It is seen that a diode works as a closed switch during the positive half cycle of the input voltage and works as an open switch during the negative half cycle. The output voltage appears across the load during the positive half cycle only. The load voltage and load current although positive all the time (i.e., unidirectional) are fluctuating dc as its magnitudes changing. Our aim will be to obtain steady dc at the output.

The average value of this fluctuating dc as also its rms values can be calculated as and , respectively.

The performance parameters of a half-wave rectifier output are calculated in terms of the output dc current (i.e., the average value of the rectified wave), the rms value of the output current, the output voltage, ripple factor, peak inverse voltage, etc.

13.1.3 Analysis of Half-wave Rectifier

The equation for a sinusoidal voltage is written as v = Vm sin θ and for a sinusoidal current,

i = Im sinθ,

where i is the instantaneous value, Im is the maximum value, and θ = ωt.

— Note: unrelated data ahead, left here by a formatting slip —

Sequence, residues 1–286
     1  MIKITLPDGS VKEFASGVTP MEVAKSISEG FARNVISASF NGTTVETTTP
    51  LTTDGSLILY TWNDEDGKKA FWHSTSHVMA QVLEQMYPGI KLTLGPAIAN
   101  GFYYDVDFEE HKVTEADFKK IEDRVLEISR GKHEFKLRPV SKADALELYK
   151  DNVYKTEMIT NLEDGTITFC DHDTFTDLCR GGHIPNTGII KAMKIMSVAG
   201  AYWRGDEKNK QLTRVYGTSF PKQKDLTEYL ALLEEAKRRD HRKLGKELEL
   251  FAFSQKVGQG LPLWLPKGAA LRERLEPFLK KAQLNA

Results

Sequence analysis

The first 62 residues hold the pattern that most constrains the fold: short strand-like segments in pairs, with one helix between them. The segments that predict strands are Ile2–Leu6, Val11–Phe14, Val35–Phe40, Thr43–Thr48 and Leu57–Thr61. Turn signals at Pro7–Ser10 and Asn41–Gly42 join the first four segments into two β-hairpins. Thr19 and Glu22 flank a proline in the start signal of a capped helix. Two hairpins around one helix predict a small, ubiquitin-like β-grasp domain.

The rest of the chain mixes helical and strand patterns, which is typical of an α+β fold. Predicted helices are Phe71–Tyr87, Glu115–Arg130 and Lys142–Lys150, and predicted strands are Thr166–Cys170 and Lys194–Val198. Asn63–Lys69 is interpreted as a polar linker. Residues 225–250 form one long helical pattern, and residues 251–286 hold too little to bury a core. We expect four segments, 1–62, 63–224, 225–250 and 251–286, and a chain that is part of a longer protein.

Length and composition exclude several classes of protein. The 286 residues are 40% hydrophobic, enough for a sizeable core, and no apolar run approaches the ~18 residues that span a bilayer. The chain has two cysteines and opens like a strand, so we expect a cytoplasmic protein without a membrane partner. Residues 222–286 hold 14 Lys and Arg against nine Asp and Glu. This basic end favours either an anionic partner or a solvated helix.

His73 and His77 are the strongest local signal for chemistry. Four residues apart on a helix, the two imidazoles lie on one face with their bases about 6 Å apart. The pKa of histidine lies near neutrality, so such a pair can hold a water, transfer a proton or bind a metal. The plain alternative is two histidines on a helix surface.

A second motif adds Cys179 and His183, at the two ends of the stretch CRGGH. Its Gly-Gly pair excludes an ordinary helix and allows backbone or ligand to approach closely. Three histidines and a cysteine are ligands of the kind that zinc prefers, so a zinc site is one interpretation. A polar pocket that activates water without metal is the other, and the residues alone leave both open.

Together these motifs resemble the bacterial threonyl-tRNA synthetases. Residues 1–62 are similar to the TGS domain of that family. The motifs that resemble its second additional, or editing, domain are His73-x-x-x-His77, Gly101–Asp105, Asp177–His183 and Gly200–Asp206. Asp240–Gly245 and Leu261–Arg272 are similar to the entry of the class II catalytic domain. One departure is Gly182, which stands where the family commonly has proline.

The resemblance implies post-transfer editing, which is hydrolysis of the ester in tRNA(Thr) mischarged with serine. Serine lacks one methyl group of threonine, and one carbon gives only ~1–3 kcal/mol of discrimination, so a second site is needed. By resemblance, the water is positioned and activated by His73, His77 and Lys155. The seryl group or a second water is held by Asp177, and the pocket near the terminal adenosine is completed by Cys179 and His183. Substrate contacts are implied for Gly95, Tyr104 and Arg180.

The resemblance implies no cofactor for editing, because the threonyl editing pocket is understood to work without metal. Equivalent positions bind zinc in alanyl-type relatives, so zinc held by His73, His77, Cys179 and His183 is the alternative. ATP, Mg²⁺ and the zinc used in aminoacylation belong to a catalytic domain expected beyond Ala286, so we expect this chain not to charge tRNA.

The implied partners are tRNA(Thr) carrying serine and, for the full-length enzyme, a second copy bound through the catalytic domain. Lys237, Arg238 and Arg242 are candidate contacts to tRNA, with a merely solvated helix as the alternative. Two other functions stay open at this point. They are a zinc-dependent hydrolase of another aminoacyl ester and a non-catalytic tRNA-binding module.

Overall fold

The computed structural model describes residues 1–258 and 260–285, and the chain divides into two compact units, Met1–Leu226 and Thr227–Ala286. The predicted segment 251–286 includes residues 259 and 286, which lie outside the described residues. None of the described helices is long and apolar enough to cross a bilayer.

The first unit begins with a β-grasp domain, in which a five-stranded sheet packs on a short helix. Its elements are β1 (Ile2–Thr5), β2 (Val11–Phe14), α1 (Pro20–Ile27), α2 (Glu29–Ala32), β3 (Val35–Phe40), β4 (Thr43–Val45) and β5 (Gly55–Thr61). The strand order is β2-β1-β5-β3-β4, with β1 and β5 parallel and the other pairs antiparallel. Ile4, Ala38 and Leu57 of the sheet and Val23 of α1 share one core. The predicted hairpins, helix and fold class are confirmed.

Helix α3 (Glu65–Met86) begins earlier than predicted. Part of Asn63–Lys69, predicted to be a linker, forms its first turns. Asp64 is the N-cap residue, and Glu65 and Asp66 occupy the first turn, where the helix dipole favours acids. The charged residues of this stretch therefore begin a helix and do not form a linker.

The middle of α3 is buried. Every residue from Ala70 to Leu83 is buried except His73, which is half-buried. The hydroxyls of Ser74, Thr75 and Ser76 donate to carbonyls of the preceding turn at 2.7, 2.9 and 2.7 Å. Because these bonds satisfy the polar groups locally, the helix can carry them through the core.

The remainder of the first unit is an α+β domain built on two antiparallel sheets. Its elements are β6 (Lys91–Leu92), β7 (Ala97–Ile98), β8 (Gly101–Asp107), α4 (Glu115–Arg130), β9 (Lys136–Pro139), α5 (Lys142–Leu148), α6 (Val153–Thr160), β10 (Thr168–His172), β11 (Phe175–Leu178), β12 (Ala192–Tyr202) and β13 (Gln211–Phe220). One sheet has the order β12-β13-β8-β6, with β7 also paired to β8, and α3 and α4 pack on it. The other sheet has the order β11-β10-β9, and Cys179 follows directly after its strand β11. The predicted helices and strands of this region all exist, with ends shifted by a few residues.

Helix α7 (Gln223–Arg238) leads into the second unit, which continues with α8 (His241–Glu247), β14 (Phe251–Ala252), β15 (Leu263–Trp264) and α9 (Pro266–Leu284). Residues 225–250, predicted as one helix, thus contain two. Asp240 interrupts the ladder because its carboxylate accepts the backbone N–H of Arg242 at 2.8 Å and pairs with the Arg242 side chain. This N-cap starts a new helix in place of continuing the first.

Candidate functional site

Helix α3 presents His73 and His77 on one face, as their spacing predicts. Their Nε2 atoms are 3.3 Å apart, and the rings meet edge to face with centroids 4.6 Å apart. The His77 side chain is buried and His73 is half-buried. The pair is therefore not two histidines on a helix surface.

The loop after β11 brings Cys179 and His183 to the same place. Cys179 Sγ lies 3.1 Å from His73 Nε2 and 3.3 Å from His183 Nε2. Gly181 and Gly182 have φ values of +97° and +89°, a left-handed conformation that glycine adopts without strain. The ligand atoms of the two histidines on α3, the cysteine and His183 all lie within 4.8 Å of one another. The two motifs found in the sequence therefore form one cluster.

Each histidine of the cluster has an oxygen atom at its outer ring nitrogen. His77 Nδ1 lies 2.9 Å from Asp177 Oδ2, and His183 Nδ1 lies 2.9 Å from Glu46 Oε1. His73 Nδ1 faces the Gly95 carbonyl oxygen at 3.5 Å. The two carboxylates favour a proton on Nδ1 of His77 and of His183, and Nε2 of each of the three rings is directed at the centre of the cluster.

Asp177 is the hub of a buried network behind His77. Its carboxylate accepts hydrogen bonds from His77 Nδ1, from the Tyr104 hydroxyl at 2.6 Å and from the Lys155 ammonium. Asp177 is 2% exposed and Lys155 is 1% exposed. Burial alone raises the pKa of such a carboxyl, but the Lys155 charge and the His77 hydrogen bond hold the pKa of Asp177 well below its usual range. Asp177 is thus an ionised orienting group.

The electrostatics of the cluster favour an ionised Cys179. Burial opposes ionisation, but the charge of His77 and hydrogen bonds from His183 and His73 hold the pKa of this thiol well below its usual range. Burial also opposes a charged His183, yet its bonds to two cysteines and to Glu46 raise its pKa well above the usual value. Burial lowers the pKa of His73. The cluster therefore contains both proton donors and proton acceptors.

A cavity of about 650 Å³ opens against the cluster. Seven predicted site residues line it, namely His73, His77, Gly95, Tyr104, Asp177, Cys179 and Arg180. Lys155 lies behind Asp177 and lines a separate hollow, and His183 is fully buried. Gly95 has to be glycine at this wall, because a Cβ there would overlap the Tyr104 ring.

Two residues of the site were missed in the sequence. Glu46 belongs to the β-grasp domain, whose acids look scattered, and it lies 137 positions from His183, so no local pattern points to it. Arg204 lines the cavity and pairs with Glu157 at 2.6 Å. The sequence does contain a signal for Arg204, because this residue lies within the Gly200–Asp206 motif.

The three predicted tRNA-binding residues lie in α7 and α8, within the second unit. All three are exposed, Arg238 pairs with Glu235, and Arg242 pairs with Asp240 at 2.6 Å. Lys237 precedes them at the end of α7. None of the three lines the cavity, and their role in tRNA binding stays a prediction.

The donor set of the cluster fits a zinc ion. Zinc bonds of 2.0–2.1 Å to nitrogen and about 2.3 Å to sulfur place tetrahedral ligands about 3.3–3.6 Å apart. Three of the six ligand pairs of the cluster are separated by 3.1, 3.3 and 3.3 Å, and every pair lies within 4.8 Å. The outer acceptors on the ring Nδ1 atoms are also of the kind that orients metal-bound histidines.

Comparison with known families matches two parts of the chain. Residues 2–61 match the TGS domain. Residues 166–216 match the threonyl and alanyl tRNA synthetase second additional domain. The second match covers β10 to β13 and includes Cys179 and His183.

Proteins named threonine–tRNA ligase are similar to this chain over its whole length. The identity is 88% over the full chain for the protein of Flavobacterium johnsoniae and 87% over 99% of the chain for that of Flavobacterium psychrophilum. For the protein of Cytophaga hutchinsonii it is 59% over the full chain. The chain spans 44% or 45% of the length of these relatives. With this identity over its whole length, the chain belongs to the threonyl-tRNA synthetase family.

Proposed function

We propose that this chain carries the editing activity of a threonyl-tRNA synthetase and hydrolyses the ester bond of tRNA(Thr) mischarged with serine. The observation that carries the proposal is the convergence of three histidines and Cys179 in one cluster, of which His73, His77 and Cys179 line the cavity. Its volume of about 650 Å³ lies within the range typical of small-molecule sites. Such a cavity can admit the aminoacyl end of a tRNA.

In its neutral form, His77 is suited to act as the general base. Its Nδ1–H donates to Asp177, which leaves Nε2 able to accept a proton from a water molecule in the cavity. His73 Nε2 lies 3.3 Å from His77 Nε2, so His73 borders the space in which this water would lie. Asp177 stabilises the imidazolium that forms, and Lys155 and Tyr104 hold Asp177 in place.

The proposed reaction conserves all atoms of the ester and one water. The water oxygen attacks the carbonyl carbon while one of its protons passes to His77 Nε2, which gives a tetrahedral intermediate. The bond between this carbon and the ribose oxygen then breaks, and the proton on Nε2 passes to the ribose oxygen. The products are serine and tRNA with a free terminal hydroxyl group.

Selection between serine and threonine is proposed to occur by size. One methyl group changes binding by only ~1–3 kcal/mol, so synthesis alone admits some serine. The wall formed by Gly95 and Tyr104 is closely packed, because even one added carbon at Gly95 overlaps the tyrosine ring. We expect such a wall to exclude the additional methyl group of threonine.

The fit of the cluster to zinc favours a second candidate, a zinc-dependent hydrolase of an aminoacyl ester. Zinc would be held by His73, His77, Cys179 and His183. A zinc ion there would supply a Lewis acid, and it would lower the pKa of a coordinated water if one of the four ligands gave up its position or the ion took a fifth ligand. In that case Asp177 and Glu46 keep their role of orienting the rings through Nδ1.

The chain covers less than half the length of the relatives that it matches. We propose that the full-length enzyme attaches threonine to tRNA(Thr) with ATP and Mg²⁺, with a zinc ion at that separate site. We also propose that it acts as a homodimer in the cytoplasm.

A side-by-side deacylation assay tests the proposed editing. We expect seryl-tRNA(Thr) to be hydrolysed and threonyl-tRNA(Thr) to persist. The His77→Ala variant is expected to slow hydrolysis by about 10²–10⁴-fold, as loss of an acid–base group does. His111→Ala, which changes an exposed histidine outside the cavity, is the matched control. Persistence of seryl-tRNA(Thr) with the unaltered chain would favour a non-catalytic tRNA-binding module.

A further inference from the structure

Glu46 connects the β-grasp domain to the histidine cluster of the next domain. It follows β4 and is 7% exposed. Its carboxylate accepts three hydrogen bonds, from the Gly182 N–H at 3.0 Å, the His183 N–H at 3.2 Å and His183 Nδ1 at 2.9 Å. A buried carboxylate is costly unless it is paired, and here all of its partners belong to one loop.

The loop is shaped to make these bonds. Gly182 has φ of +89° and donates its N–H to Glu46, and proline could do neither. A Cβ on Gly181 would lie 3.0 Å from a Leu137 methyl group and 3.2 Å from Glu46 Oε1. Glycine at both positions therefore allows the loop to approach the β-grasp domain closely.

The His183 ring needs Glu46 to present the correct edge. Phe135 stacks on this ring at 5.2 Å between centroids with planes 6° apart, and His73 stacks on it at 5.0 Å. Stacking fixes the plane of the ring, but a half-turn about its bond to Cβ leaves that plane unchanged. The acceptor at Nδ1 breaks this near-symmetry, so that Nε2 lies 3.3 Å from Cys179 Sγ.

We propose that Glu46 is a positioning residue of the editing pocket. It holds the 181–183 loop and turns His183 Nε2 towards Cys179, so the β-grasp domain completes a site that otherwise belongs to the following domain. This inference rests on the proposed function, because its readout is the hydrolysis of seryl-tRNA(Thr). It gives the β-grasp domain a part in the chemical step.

Figure 13.2 Half-wave rectified current

The average value is calculated by integrating the current for a period θ = 0 to θ = π and averaging it for the entire cycle, i.e., θ = 0 to q = 2π.

Idc is the average value of the rectified current.

The RMS value, I is calculated by first squaring the current, then taking its mean, and then taking its root as

or

or

or

Ripple Factor: The output of a half-wave rectifier is a pulsating dc. If we analyse, we will see that it has a steady dc component and an ac component. The ac component is called the ripple. Ripple factor is defined as the ratio of the RMS value of ac component to the value of dc component. The ripple factor indicates the level of fluctuation of the output voltage from its steady value. Ripple is an undesired effect and should be minimized. The ripple factor, r for a half-wave rectifier is calculated as

Again,I2rms=I2dc+I2rms+I22+I2244+...=I2dc+I2ac

where I1, I2, I4, etc., are the fundamental and harmonics of the ac component

or

or

where Iac is the RMS value of the ac component of the output current.

Idc is the dc component of the output current and Irms is the RMS value of the output current.

Substituting

Considering and a half-wave rectifier,

ripple factor,

=1.21

Output voltage, Vdc across the load is

Rectifier efficiency: It is calculated as the ratio of output power to input power.

AC input power, Pac = Power dissipated in diode junction + Power dissipated in the load

The forward resistance, Rf of the diode is very small, and hence I2rmsRf can be neglected in comparison with I2rmsRL.

Therefore, rectifier efficiency

This value of efficiency is considered low and ripple factor is considered very high. A filter circuit has to be used to minimize the ripples.